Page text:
The following is the text of the new house price index report for September released by Statistics Canada.
The New Housing Price Index (NHPI) rose 0.2% in September, following a similar increase in August.
The top contributor to the advance was the combined metropolitan region of Toronto and Oshawa, where prices increased 0.6% from August. Market conditions and higher labour costs were the primary reasons cited for the higher prices.
Prices rose 0.5% in both Winnipeg and the combined region of Saint John, Fredericton and Moncton. The increase in each was primarily the result of higher land prices.
Prices were unchanged in 8 of the 21 metropolitan regions surveyed in September. Monthly prices declined 0.4% in Victoria and 0.2% in St. John’s as a result of lower negotiated selling prices.
On a year-over-year basis, the NHPI rose 2.4% in the 12 months to September, following a similar increase the previous month. The main contributor to the advance was the combined metropolitan region of Toronto and Oshawa, where the year-over- year increase in contractors’ selling prices was 5.1%. Québec, Winnipeg and Regina followed, each with a 3.5% increase.
Other significant year-over-year increases occurred in Kitchener-Cambridge-Waterloo (+3.0%) and Windsor (+2.6%).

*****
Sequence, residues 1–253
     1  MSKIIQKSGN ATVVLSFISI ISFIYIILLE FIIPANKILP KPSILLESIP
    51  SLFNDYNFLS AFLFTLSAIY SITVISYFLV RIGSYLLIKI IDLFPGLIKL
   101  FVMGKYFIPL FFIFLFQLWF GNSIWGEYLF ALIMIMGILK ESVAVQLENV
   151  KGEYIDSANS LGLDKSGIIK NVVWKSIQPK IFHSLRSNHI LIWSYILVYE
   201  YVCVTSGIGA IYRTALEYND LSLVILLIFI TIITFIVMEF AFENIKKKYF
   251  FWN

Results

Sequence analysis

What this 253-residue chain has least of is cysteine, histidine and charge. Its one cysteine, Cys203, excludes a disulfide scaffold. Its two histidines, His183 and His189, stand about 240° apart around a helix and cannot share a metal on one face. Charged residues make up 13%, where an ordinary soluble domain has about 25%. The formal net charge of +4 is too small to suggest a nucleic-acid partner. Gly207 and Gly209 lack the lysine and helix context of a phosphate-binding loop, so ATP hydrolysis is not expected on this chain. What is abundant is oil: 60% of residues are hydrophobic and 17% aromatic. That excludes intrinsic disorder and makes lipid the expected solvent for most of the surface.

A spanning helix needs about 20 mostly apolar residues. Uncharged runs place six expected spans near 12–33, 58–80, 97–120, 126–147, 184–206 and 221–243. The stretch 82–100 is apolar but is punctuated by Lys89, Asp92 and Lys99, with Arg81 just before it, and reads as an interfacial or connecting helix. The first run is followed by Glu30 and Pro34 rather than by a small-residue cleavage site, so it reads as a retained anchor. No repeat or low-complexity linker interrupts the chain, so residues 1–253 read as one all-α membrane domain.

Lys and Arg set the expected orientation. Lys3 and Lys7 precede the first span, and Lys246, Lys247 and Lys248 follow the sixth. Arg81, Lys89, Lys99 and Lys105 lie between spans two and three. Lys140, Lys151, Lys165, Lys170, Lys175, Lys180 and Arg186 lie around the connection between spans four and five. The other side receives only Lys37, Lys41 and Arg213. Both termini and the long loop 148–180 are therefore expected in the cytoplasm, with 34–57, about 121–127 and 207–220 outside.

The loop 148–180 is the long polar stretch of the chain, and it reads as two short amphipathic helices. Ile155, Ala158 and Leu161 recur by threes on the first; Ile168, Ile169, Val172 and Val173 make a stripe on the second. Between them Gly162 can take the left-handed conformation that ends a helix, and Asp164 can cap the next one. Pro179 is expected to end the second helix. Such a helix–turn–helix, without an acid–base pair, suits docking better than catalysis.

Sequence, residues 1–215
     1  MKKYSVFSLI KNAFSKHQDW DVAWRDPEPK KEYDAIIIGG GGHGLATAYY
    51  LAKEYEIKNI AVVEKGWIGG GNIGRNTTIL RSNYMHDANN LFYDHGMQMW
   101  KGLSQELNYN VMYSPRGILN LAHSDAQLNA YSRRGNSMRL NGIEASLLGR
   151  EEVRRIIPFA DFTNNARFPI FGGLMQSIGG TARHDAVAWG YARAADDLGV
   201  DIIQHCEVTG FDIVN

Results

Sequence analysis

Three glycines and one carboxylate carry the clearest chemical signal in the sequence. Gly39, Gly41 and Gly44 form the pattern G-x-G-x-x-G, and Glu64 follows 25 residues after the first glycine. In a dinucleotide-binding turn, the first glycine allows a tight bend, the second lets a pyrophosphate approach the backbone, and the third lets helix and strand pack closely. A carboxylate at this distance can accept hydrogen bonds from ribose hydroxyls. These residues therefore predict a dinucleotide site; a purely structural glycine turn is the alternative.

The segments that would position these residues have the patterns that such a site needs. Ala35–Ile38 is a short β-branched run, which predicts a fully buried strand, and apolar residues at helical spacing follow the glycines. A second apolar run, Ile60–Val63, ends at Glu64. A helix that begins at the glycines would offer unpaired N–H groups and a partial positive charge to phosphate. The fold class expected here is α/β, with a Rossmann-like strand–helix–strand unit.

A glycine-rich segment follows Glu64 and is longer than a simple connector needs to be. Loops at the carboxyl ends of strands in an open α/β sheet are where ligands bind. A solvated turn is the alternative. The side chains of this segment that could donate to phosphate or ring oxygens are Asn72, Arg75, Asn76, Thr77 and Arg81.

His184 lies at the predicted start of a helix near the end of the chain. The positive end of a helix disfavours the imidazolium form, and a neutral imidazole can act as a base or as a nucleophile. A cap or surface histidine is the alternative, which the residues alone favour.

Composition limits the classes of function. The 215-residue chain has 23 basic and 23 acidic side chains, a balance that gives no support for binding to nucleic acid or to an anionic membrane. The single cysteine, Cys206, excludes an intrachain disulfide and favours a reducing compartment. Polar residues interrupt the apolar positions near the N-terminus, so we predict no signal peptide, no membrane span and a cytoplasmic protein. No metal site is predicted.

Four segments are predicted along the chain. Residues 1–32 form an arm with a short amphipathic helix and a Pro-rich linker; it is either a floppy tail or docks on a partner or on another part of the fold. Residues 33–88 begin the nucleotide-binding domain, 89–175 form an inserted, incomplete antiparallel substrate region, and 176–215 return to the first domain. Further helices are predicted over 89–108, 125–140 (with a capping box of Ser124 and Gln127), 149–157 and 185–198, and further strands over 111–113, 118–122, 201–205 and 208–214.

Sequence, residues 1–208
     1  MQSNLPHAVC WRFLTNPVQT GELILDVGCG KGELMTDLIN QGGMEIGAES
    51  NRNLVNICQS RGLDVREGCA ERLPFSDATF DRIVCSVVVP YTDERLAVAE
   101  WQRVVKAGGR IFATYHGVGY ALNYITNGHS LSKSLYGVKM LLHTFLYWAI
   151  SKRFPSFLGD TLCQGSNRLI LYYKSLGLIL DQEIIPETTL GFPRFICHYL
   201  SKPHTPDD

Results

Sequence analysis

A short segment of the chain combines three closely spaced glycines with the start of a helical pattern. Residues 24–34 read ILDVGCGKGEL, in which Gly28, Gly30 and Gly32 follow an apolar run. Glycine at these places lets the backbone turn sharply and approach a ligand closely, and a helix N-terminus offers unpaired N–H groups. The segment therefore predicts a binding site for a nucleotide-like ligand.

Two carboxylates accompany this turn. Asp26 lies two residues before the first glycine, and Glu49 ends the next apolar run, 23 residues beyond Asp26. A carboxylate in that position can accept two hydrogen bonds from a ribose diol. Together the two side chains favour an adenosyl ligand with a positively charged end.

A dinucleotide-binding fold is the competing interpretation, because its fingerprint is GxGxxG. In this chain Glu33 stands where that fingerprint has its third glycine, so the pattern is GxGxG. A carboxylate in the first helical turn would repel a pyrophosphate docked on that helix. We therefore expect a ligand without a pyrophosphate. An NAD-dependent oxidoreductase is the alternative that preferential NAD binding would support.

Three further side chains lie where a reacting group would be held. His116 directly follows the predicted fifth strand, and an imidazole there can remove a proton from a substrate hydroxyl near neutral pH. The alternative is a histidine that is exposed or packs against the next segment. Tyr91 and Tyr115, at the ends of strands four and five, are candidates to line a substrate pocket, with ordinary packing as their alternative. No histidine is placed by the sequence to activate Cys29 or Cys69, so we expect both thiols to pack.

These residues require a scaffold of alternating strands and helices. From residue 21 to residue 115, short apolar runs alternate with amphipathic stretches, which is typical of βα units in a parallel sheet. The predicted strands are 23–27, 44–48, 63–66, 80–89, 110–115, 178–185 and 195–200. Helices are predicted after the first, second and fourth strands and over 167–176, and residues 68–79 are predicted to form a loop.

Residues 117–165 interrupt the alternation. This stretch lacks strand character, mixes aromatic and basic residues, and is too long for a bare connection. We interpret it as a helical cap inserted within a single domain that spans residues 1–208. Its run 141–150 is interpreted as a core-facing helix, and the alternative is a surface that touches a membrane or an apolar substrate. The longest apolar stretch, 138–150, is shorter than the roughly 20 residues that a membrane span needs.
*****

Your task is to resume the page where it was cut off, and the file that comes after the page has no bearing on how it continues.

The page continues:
Among the 21 metropolitan regions surveyed, 4 posted 12- month price declines in September. The largest decrease was in Victoria (-3.3%).
Note to readers
The New Housing Price Index measures changes over time in the selling prices of new residential houses agreed upon between the contractor and the buyer at the time of the signing of the contract. It is designed to measure the changes in the selling prices of new houses where detailed specifications pertaining to each house remain the same between two consecutive periods. The prices collected from builders and included in the index are market selling prices less value added taxes, such as the Federal Goods and Services Tax or the Harmonized Sales Tax.
The provincial government of British Columbia introduced legislation on May 14, 2012, announcing the return to a provincial sales tax on April 1, 2013. From April 1, 2012, until March 31, 2013, there are new housing transitional rebates in place. After the transition is complete, the provincial sales tax on building materials in British Columbia will be embedded in contractors’ selling prices of new houses. These changes will be reflected in the New Housing Price Index as reported by respondents.
The indexes are not subject to revision and are not seasonally adjusted.
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